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Soldier's Monument at Brookfield















A beautiful Soldiers’ Monument was unveiled at Brookfield in May, 1912. It occupies a commanding position, on a grassy plot in North Main street, between two picturesque parks.

The Brookfield Gazette of May 4 printed this sketch concerning the magnificent tribute to the soldier who went to battle for his country: “In memory of the days of ‘61-‘65, in honor of the men, living and dead, who fought under the folds of the flag of the great Republic, who periled life and limb that a nation might live, of the men who in their young and vigorous manhood toiled through long, weary marches, but who now sleep beneath that ‘low, green tent whose curtain never outward swings,’ or march with halting step or bended head to pay the last sad rites to a dead comrade or to strew flowers on the graves of comrades who have in the years that are past crossed over the river of death and pitched their tents on the other side.

“In memory of all these, and not forgetful of the gallant men in gray whom they met in the shock of battle, the patriotic people of Brookfield have builded the durable, beautiful and artistic monument that now ornaments the oval between east and west parks, from the summit of which the effigy of a volunteer soldier of the Civil War, carved in Italian marble, standing at ‘parade rest,’ looks down upon the busy scenes of the main street during the day and keeps watch and ward over the sleeping city at night. “It is all a patriotic expression of a patriotic people, some of whom were in sympathy with the men who fought under the stars and bars, and who, feeling a just pride in the magnificent valor displayed by these grand men in gray, are yet glad that owing to the valor and sacrifices of the men in blue that this is today one country with one united people and under one flag. “ The monument is not only a credit but an ornament to Brookfield, and is, we believe, the only monument of the kind in Missouri.”

The movement to erect the monument grew out of a suggestion on the part of the local Women’s Relief Corps, the ladies’ auxiliary to the Grand Army of the Republic, to replace the monument to the unknown dead, erected many years since in Rose Hill cemetery, by a more imposing structure. In a conference between the local corps and the local Grand Army Post, it was suggested that a Soldiers’ Monument Association be organized , contributions be solicited and a monument to the soldiers of the Civil War be built. It was seriously doubted if a sufficient amount could be raised, but there were a few who expressed the utmost confidence that the patriotic people of Brookfield would respond liberally to the call. A number of subscriptions were pledged at once. An association was organized, and officers and a board of directors were chosen, as follows: Henry Tooey, president; George W.  Martin, vice-president; Robert W. Davis, secretary, and E. M. Lomax, treasurer. Directors Henry Tooey, Frank Dick, A. W. Baker, Will W. Martin, R S. Brownlee, R. W. Davis, J.C. Gardner, Mrs. Jennie Tuckerman and Mrs. F.P. Lacey. E. M. Lomax was afterwards elected president to fill the vacancy caused by the death of Henry Tooey.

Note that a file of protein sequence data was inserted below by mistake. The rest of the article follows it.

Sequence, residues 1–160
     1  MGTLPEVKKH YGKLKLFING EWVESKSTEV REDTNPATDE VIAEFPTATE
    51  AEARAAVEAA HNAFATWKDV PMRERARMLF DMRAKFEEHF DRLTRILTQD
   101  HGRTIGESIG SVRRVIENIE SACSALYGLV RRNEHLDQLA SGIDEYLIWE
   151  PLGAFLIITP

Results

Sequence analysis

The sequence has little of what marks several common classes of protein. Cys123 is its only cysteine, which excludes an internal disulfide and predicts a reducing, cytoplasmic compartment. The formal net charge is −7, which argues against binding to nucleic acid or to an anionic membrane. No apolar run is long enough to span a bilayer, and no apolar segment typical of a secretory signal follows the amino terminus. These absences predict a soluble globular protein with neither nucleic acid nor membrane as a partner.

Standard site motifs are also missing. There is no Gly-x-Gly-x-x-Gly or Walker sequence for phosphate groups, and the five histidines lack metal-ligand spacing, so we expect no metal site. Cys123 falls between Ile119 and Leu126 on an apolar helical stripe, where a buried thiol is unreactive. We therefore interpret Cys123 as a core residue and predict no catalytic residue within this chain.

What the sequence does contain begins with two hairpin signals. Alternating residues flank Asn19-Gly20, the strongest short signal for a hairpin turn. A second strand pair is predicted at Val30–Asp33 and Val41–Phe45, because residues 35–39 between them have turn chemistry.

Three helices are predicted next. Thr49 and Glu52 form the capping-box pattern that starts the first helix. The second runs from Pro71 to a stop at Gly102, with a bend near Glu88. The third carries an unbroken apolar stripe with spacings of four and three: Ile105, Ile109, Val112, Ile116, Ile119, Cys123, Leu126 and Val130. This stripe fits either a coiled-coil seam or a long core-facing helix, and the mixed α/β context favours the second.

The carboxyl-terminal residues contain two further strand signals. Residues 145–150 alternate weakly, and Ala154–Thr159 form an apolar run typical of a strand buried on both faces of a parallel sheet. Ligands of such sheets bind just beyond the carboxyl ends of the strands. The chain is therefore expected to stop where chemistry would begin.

A soliciting committee was appointed, headed by the president of the association, Henry Tooey, and a sufficient fund was pledged in but a brief period to assure the success of the project. In this work the energy and zeal of the president of the association, the lamented Henry Tooey, always conspicuous in any and every good cause, was never more plainly demonstrated. He not only worked untiringly himself, but brought out good work on the part of others, and the Soldiers’ Monument as it stands today between the parks is also a monument to the patriotism, zeal and energy of that splendid citizen,

Henry Tooey, who will long be remembered by the people of Brookfield, not only on account of his zeal or his energy in work for the best interests of Brookfield, but on account of a warm heart that promptly responded to the call of distress on the part of any and every human being. The monument is of Barre granite, the figure of the soldier of Italian marble,  the base nine feet four inches by nine feet four inches, artistically tapering to the summit, and, with the figure of the soldier, is twenty-two feet six inches in height. The cost, not including the foundation which was put in by the city at an expense of $105, was $1,620. D. L. Williams, the Linneus monument dealer, was the local contractor and A. Fraser & Co., of Mansfield, Ohio, the builders. It is constructed in strict compliance in every respect, in material, in workmanship, in artistic design, with the contract.  The board of directors were unanimous in their approval. Stewart Marsh, with his trained force, moved the massive blocks from the freight house to the park and set up the monument. It was his first experience in handling such heavy weights, but he went to work like a veteran, without hesitation and without doubt, and did the work as well as though he had been setting up towering monuments all his life. Brookfield has a monument of which our people may well be proud, and in one hundred years from now, unless removed by the hand of man, it will be standing where it stands now, as artistic and as complete as it is today.